Top 5 Favorite Westerns (That Aren’t The Good The Bad and The Ugly)
Last week I talked about my favorite western while covering the work of Sergio Leone.
I’ve wanted to talk about westerns for a long time. However, if I mentioned them all, then most of the entries would be taken up by one director’s filmography. Then, there’d barely be any reason to talk about the remainder films of Leone which deserve discussion. I decided to separate them to be able to more fully discuss them all. So just remember the true number one of this list is “The Good, The Bad and The Ugly” so just shift everything down and after “Unforgiven” shift everything down again to account for “A Fistful of Dollars” and “For a Few Dollars More” tying for the next spot.
Why am I going through all this trouble? Well believe it or not westerns are my favorite genre of films. I am not even joking. It’s a genre that too often gets overlooked and I want to fix that. SPOILER ALERT.
5.) “Blazing Saddles”
I had a very difficult time figuring out what to put in this spot. It’s quite a testament to how many great westerns are out there. Now I may technically like this film more than some of the others on this list as I think it’s one of the greatest comedies ever made. However, I ultimately decided to put it here because it’s still a spoof and one could argue not a TRUE western. Still, it’s good enough that I simply could not NOT talk about it. So after “The Producers” and “Twelve Chairs” Mel Brooks wasn’t doing as well as you might think. He got a hold of this usual outline called “Tex-X” and thought the way to do it would be to make it the ultimate spoof of American westerns. This changed the course of Brooks’ career as you’ll notice practically all his movies after this were parodies. It was also a fantastic year because he later made “Young Frankenstein” also in 1974. It’s hard for me to pick which one I like more. It generally seems to be whatever film I’ve seen most recently.
The film is about a black railroad worker named Bart promoted to a town’s sheriff. The Attorney General, Hedley Lamarr wants to get the town to leave so he can construct a new railroad to go through it. Figuring the townspeople will either be so racist as to leave as soon as they see their new sheriff or that an inexperienced black man will just mess things up anyway. Needless to say that does not occur (though the townspeople are still incredibly racist) and hilarity ensues. Like so many others have said there’s no way this film could be made today. I’m honestly a bit afraid some modern audiences will just focus on how many times the N-word is used and not pay attention to what the film is trying to say. The important thing to remember this film is not promoting racist ideas IT’S MOCKING them! The butt of the jokes are always the idiots who are saying “N—-r!” On top of all of that it’s filled with a who’s who of comedy in front of and behind the screen. Comedy legend Richard Pryor even co-wrote it. Give it a watch and be prepared to laugh your ass off. You may have noticed I haven’t given much in the way of examples of jokes, but that’s only because I want you to be surprised by not only how funny they are but also how varied.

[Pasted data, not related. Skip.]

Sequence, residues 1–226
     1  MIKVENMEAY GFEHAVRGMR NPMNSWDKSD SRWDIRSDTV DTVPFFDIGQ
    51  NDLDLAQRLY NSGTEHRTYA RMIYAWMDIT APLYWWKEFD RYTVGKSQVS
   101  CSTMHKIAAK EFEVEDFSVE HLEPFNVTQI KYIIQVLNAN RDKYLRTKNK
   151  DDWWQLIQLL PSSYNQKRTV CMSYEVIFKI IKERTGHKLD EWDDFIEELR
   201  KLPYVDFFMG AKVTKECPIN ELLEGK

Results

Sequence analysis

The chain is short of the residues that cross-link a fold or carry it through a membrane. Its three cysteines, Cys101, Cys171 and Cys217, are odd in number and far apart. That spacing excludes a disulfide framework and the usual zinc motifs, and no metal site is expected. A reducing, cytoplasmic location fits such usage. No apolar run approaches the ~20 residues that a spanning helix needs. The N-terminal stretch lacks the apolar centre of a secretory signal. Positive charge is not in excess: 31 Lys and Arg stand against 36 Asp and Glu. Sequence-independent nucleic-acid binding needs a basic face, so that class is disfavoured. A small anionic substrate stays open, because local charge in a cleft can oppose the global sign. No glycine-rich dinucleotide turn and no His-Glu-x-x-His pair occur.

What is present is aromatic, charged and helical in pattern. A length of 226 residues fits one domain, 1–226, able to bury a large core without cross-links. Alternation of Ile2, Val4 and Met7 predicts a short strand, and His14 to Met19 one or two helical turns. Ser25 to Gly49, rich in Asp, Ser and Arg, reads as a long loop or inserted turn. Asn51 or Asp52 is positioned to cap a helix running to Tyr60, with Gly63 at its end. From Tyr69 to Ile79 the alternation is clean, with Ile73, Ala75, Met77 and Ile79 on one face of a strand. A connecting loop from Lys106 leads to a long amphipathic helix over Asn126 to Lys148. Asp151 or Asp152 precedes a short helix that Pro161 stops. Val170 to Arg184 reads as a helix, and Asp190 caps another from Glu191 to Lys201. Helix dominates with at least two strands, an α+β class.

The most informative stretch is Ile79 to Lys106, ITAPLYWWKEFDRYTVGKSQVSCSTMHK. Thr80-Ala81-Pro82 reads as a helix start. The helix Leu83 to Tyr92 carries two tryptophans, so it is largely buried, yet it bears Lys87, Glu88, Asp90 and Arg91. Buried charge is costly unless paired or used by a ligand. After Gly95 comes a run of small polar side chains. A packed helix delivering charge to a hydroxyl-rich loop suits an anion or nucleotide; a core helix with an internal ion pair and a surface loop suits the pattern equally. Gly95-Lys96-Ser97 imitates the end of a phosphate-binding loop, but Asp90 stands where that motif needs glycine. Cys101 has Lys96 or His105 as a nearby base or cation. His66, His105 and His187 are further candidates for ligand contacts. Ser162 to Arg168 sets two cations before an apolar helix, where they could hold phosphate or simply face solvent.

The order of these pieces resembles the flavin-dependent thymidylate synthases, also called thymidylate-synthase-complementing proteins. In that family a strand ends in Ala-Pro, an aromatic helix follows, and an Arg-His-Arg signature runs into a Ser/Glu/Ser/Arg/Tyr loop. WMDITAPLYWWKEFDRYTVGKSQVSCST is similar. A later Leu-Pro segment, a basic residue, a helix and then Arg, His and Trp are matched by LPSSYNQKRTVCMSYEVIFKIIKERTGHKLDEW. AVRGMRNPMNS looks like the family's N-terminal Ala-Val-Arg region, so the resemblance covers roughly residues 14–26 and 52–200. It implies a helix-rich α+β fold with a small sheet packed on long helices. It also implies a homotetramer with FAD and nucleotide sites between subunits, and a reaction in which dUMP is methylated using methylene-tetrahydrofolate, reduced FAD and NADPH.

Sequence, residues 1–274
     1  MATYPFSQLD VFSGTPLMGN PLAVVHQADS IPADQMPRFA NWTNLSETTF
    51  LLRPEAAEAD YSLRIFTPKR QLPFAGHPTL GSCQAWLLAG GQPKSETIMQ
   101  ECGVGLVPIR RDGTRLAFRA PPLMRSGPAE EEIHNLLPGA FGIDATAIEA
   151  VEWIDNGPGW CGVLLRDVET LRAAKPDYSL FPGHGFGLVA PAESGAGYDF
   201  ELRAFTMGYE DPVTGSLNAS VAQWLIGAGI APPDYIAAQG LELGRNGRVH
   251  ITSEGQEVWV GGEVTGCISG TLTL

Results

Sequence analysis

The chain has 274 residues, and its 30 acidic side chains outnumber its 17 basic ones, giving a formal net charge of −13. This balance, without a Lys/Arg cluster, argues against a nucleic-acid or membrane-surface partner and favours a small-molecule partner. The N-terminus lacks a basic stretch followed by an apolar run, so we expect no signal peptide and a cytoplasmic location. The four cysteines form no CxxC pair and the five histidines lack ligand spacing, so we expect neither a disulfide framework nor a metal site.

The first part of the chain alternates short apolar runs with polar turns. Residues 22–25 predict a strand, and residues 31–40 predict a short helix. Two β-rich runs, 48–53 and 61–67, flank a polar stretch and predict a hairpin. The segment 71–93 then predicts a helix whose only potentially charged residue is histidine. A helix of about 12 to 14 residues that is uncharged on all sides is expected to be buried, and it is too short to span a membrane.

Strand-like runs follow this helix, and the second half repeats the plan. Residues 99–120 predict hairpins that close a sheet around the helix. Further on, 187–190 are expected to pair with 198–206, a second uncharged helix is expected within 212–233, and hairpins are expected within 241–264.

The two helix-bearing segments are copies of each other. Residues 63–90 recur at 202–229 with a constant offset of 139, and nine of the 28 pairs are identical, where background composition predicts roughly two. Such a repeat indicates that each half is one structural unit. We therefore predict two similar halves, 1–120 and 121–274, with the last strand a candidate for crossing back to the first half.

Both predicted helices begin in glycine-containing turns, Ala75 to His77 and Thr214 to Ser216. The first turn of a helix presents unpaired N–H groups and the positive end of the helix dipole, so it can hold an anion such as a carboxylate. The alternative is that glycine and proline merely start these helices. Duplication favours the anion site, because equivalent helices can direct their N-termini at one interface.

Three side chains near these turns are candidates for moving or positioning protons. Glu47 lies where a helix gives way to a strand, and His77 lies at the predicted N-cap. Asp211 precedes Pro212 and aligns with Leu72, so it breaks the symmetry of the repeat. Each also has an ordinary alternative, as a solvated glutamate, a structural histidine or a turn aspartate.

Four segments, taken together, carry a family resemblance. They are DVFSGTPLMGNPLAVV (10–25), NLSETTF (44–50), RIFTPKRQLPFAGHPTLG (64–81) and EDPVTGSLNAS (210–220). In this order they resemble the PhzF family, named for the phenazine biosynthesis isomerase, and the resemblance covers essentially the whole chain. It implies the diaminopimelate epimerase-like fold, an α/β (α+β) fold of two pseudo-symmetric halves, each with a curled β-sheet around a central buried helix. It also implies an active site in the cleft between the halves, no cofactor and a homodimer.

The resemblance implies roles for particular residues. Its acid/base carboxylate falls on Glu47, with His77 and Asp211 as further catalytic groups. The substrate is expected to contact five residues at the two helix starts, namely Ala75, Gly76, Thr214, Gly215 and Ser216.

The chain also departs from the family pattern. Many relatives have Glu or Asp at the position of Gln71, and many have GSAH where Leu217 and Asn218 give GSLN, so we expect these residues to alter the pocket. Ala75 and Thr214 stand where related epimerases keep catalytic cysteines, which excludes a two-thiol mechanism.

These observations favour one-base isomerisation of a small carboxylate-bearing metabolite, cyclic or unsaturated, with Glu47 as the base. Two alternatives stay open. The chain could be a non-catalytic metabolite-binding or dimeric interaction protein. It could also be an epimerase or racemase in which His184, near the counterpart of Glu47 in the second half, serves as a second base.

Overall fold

4.) “High Plains Drifter”
After the major hit of his first directed film “Play Misty For Me,” Clint Eastwood returned to familiar territory for his second directed feature, “High Plains Drifter.” It’s one of the most unusual westerns you’re likely to see. Right from the beginning you know it. A lone cowboy rides through the desert seemingly out of nowhere as music that sounds like it’d be at home in a horror film plays. Clint Eastwood takes the anti-hero concept as far as it can go before becoming a villain. As soon as he comes into town he takes a young promiscuous woman who was flirting with him and rapes her. The original script had more explicit references to the supernatural with Eastwood’s character actually being a ghost. Eastwood took all the direct references out, but kept in key moments of him surviving things he shouldn’t be able to.
The townspeople needing someone to protect them from criminals fresh out of jail who are coming back to the town soon decide to hire him. He agrees and they basically let him control the town. He makes them literally paint the town red and renames their sign “Hell.” It’s as striking of an image as you think. As the film goes on you realized almost nobody in this town is innocent. They let the criminals whip their previous sheriff to death. Is the stranger a relative or an avenging ghost? The film never gives us solid answers. It also maybe the reason we never got a Clint Eastwood-John Wayne western. After this film, Eastwood wrote to John Wayne asking him if he wanted to collaborate on something. John Wayne apparently hated the film and how it made everyone in the west seem so nasty and morally gray at best. After sending a letter ranting about all this, Eastwood decided not to pursue the idea.